Every week, I receive emails and comments from people who need help picking paint colors to work with their honey oak trim and cabinetry. A few years ago, I wrote a post on how to go about choosing paint colors for honey oak trim, but I didn’t provide any specific paint colors.
Last week, I wrote about five light neutrals from Benjamin Moore that look beautiful with honey oak trim. Today I am sharing five more light beige neutrals from Sherwin-Williams that work well with medium to light honey oak trim, cabinetry, and flooring.
Here in Des Moines, there are thousands of homes built anywhere from the 80s through the early 2000s that still have honey oak trim, built-ins, paneling, and cabinetry. Sometimes, we will paint them white, but often it can be cost prohibitive. And sometimes, my clients like the natural wood oak, because it can be very beautiful, so we keep it.
As in the Benjamin Moore post from last week, I chose the same two spots in our home that still have honey oak trim or cabinetry and photographed large swatches of the five colors next to the wood. These photos might not be very exciting, but they demonstrate these five colors in different exposures with varying shades of honey oak.
The set of photos taken by our kitchen cabinetry get northern light, and the set taken by our stair railing get more southern light. I took these photos around 9:00 in the morning here in Iowa. In the set of photos by the cabinetry, I also included a small piece of oak trim with a light stain for another variation on honey oak.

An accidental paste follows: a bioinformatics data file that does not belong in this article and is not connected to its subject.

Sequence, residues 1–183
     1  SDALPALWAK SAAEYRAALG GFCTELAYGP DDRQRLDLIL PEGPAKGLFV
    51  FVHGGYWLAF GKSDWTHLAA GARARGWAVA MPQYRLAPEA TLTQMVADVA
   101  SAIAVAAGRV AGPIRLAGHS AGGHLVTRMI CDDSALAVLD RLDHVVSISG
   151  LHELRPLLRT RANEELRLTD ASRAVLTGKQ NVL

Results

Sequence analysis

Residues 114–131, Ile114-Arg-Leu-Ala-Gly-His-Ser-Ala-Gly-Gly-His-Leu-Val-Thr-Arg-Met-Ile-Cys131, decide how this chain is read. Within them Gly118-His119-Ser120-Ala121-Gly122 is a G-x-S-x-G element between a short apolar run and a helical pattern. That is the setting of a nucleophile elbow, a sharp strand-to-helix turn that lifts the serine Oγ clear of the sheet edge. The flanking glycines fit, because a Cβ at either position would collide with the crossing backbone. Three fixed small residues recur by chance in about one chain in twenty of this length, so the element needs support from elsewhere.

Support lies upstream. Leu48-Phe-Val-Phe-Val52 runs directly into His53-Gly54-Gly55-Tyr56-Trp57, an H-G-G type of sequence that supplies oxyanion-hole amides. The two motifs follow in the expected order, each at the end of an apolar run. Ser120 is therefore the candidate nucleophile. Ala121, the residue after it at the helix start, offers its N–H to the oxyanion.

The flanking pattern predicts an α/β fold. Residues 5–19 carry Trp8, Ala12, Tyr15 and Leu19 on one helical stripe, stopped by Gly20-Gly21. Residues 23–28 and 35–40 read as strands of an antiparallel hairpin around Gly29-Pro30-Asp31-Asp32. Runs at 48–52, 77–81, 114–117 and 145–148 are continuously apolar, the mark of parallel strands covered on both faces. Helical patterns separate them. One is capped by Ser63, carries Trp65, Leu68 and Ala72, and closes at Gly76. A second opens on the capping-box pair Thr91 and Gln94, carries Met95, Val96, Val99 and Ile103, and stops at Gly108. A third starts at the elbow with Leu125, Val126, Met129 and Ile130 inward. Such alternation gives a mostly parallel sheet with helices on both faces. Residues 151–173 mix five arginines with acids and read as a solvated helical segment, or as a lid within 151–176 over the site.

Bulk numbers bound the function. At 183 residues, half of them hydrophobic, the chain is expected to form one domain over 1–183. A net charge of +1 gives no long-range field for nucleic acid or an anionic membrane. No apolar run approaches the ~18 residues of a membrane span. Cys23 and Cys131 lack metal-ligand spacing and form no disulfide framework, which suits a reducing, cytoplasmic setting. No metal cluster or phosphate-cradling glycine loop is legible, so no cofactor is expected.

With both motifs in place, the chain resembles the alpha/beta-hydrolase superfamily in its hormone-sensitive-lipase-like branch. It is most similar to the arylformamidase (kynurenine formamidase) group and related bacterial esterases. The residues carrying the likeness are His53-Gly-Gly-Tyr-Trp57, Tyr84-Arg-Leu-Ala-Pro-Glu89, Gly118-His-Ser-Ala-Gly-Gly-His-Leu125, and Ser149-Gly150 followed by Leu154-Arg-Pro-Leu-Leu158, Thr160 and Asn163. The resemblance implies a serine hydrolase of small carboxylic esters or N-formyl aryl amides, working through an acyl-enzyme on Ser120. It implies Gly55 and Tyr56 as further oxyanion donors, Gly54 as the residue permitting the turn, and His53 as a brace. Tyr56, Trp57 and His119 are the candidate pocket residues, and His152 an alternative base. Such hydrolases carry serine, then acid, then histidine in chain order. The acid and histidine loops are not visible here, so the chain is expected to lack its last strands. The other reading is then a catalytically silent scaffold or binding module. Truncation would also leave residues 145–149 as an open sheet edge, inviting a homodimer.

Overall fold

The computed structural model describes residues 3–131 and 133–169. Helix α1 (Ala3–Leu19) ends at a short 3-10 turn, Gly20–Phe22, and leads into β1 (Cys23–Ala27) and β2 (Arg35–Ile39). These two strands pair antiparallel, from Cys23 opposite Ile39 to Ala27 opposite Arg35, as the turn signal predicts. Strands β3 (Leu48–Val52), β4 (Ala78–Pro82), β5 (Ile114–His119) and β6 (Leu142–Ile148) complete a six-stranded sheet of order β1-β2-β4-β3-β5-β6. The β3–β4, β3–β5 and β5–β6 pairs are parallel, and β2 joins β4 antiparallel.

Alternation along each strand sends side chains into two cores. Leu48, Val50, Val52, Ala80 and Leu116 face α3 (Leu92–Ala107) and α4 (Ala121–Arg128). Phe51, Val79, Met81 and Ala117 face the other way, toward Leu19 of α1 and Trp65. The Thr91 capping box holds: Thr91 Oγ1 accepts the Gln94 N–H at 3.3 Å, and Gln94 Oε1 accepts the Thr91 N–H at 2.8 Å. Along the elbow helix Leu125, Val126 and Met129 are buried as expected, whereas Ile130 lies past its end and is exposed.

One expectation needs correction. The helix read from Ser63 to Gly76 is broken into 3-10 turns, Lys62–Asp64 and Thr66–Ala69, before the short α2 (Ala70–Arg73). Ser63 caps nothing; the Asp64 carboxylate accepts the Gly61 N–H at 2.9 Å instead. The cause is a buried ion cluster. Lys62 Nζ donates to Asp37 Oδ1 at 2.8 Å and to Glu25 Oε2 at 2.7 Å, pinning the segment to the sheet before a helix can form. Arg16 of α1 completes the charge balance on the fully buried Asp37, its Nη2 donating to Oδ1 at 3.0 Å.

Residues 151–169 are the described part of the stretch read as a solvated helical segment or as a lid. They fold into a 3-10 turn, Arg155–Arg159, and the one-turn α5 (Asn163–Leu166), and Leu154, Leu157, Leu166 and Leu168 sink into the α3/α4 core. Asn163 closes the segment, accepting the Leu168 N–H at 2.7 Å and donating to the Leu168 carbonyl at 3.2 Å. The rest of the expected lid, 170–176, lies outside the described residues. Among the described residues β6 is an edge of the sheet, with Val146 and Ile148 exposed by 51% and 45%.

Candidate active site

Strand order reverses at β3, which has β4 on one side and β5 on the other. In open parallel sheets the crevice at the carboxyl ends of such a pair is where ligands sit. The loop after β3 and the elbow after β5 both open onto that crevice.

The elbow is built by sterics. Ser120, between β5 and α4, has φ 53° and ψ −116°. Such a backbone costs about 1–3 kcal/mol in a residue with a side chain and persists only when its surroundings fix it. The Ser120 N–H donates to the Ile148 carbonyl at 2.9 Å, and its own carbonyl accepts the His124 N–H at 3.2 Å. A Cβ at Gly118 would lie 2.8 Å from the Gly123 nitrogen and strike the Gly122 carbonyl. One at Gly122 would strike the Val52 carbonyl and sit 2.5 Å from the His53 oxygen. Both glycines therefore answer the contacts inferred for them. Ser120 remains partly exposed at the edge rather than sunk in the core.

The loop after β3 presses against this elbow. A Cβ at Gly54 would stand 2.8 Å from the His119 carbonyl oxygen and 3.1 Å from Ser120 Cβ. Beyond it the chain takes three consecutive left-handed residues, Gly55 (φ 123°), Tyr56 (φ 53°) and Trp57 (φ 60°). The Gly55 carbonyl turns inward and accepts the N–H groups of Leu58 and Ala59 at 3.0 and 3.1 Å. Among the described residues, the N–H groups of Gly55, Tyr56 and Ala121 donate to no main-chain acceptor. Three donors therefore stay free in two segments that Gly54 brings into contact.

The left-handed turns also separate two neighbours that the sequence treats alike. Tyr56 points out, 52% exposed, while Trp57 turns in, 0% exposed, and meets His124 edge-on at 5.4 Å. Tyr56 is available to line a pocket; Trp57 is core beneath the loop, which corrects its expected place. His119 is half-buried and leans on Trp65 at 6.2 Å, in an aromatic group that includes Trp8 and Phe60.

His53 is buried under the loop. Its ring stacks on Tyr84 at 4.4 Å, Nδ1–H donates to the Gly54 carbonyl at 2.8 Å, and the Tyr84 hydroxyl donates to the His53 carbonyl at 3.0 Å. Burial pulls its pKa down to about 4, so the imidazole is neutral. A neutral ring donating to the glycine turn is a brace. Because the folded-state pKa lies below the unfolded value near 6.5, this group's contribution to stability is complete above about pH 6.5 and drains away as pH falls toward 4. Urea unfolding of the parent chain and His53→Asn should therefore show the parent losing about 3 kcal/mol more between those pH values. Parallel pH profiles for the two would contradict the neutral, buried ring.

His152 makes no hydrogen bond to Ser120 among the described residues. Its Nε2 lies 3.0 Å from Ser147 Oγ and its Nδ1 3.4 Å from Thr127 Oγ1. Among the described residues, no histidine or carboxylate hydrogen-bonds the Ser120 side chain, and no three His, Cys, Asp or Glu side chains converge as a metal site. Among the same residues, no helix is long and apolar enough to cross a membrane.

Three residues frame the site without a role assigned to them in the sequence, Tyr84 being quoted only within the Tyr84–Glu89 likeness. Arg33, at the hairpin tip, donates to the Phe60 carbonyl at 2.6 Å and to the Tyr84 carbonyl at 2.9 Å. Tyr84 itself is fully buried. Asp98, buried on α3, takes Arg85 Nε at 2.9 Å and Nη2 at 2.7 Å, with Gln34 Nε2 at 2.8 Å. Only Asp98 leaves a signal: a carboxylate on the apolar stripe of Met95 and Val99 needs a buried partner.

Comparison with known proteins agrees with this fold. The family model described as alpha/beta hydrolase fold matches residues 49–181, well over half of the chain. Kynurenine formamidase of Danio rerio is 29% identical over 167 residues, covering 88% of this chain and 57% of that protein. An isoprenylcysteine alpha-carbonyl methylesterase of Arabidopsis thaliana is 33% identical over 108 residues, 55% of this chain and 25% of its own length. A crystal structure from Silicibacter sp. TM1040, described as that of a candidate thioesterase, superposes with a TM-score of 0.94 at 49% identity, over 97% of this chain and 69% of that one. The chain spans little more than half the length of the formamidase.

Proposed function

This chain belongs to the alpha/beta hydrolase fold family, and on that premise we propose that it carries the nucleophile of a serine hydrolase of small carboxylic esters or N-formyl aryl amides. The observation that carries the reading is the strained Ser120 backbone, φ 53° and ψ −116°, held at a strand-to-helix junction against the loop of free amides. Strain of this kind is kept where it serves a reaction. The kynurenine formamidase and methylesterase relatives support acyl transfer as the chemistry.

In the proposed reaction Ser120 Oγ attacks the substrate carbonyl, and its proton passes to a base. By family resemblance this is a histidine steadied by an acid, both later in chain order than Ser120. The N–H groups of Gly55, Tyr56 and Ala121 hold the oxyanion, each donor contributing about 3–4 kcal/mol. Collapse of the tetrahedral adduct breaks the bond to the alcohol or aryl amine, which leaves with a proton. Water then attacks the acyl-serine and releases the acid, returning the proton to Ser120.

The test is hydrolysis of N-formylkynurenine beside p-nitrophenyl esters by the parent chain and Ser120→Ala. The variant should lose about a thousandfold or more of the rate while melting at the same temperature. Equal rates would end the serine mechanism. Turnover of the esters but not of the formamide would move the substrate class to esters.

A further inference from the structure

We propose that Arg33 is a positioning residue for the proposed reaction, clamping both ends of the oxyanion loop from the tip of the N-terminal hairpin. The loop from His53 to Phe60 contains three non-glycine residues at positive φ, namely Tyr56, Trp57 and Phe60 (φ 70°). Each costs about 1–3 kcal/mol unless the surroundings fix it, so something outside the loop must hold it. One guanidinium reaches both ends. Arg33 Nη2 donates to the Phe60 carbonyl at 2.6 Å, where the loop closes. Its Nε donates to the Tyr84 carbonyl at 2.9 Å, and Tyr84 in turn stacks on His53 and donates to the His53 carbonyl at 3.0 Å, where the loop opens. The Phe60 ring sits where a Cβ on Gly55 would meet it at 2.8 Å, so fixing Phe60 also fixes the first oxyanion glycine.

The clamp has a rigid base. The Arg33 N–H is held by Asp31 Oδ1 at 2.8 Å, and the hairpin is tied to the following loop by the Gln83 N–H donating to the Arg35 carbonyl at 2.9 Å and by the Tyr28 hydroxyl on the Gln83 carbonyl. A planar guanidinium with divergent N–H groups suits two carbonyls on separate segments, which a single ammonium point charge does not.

All of my walls and trim are painted Benjamin Moore White Dove OC-17, so that is the background you see behind the paint swatches. White Dove has a touch of cream and a touch of gray. I think it looks beautiful with honey oak if you have the right home for white walls.
CanVas Tan SW 7531
Sherwin-Williams Canvas Tan is a very light beige that looks beautiful with the honey oak. To me, it reads as one shade deeper than my White Dove walls. The color is very neutral but warm.
Canvas Tan is located in the Whites section of the Sherwin-Williams deck right below Neutral Ground, which is another favorite of mine for cabinetry.
Wool Skein SW 6148
Wool Skein is a light beige with warm bronzey undertones. It is less green than the other colors I’ve chosen below. I like Wool Skein because it does not go pink, nor should it read as a green. It’s slightly more neutral than a true beige but not as cool as a true gray.
Grecian Ivory SW 7541
Last Fall, I specified Grecian Ivory for the majority of a first floor in a traditional West Des Moines home with way too much honey oak to consider painting it all out.
When I first saw the home, it was faux painted in many of the rooms and terribly outdated. I spent a lot of time looking at paint swatches in different rooms and different light and ultimately settled on Grecian Ivory.
The slight yellow-green undertone in this light pretty neutral looked stunning with the rick oak trim and floors but also with all of the greenery visible through the home’s large windows.